The therapist suggested that my student stop doing yoga for a while, saying that it may be too strenuous for her pending recovery. But the student told me she explained that this version of yoga, Hatha Yoga, was actually very gentle and that the class was a very supportive environment for healing of all kinds. As she explained this to me she told me that she had tried many types of Yoga in her hometown of Los Angeles and that for the most part it was a flexibility contest- the winner of which inevitably wore the most trendy yoga fashion and excelled at head stands. She said that as a result of yoga in Berlin she understood that this practice wasn’t about abusing the body into meaningless contortions but more about making peace with the body and appreciating what it can do.
In some cultures “no pain, no gain” is a widespread fitness philosophy. But in many cases it gets us into the wrong frame of mind when it comes to our relationship with our bodies. The idea that if it doesn’t hurt a little you aren’t doing anything good for yourself is not only untrue but can really injure both your body and mind in the long run. It can spill into all parts of life, relationships, work etc., creating obvious dysfunction as we associate pain with something positive.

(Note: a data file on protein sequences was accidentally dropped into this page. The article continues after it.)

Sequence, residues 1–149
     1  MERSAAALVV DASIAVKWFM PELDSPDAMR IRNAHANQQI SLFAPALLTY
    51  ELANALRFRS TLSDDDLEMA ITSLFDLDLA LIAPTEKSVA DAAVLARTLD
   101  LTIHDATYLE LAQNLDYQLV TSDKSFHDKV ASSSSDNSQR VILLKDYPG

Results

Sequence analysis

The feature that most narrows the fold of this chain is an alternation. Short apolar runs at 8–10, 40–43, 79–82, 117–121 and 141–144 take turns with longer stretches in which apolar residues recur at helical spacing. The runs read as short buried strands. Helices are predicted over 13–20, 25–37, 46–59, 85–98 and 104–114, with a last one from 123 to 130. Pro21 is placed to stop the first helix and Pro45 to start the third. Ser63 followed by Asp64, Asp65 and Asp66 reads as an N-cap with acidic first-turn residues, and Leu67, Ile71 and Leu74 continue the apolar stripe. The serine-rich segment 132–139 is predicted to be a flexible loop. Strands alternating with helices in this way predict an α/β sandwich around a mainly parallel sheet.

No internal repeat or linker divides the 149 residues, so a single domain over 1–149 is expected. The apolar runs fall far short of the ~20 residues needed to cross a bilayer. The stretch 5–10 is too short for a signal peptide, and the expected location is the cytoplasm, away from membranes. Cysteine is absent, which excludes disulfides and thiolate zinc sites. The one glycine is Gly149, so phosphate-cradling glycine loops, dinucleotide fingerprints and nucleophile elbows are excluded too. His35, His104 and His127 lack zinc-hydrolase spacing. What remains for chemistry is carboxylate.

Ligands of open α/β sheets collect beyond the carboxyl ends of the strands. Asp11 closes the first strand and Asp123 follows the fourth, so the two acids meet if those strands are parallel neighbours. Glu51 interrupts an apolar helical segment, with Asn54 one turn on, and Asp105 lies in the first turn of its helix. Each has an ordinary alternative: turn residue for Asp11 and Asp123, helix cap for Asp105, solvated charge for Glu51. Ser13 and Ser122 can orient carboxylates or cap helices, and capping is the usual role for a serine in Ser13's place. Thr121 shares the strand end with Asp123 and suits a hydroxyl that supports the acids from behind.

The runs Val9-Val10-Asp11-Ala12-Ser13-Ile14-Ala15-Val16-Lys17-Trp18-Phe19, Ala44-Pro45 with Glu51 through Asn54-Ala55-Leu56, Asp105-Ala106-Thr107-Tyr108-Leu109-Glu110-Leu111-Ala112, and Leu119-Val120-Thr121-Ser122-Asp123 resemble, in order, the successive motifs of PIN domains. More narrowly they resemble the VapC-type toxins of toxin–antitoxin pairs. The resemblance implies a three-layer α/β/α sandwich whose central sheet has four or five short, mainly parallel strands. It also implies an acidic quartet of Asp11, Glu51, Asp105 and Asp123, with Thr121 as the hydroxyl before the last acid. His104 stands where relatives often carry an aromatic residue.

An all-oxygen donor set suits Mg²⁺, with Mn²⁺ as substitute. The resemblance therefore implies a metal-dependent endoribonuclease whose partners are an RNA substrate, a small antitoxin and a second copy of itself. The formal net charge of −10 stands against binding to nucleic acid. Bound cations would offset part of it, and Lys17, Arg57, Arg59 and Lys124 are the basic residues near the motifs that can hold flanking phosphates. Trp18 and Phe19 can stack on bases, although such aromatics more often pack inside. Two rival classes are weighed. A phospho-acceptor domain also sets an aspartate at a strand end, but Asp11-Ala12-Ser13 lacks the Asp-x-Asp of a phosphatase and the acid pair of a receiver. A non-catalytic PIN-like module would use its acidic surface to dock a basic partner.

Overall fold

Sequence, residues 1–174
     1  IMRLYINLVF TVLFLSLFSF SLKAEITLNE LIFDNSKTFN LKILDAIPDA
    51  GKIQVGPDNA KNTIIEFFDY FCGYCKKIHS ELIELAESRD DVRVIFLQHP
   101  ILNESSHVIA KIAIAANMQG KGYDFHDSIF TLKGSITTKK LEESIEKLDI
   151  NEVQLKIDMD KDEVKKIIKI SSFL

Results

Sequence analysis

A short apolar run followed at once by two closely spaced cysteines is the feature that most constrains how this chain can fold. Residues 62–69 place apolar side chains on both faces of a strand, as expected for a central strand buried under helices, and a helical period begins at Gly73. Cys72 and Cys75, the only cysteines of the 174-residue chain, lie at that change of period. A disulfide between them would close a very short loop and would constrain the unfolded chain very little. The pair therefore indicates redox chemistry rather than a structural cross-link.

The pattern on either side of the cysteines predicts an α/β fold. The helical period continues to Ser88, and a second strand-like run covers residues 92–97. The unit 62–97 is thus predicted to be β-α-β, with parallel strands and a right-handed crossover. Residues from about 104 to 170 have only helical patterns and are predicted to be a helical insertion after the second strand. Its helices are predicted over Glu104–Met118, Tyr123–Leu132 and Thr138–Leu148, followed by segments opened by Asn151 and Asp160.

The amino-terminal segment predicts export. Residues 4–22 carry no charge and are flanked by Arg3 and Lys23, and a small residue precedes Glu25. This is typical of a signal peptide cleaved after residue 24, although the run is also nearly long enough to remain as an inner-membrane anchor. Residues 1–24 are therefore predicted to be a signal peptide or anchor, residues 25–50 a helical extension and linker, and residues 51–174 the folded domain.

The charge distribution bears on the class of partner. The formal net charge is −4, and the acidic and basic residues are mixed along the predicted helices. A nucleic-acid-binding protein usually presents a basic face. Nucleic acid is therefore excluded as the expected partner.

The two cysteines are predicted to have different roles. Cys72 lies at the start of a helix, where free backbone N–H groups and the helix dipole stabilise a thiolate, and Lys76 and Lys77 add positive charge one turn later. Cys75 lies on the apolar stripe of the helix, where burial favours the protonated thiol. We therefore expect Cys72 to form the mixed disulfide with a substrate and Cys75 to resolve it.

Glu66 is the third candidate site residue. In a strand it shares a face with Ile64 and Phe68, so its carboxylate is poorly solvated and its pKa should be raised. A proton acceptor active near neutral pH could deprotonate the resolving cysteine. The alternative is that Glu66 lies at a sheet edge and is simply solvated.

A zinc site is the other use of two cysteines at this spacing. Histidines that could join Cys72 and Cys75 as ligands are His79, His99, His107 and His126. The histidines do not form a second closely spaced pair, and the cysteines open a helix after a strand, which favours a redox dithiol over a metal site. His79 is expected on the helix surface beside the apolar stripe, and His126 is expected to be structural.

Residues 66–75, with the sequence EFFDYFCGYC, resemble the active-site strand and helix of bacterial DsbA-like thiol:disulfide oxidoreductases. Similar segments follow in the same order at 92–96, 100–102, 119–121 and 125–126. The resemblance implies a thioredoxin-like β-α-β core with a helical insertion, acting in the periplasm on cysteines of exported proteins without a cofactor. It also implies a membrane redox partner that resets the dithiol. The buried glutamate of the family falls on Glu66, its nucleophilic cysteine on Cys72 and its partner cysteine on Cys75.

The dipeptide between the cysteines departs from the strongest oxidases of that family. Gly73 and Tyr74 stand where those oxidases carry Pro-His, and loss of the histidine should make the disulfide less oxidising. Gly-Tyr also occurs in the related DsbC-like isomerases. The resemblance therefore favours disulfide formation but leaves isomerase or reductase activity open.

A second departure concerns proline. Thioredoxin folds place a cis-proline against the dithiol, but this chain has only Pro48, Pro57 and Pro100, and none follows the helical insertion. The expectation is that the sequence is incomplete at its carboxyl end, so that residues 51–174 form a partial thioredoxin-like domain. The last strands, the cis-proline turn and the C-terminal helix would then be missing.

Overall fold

Now don’t get me wrong, growth does hurt and often we have to push past our comfort zones in order to make real progress in our development as humans. But perhaps the key is knowing yourself first- making peace with your body, mind and soul and then becoming more discerning about what kind of pain is good. The body is an amazing thing that facilitates so much for our minds and our souls and its function should never be taken for granted. What have you done lately to celebrate it?
The end of the summer will bring big changes and we are starting to get excited! Starting on Sept 18th
English Yoga Berlin will be moving to a new location and class schedule.
When: Tuesday and Thursday
Where: Görlitzerstr 39 (just a few blocks away from our current location.)
In an effort to get as much of the administration out of the way before our summer pause, we´ve decided to offer an early registration discount for everyone!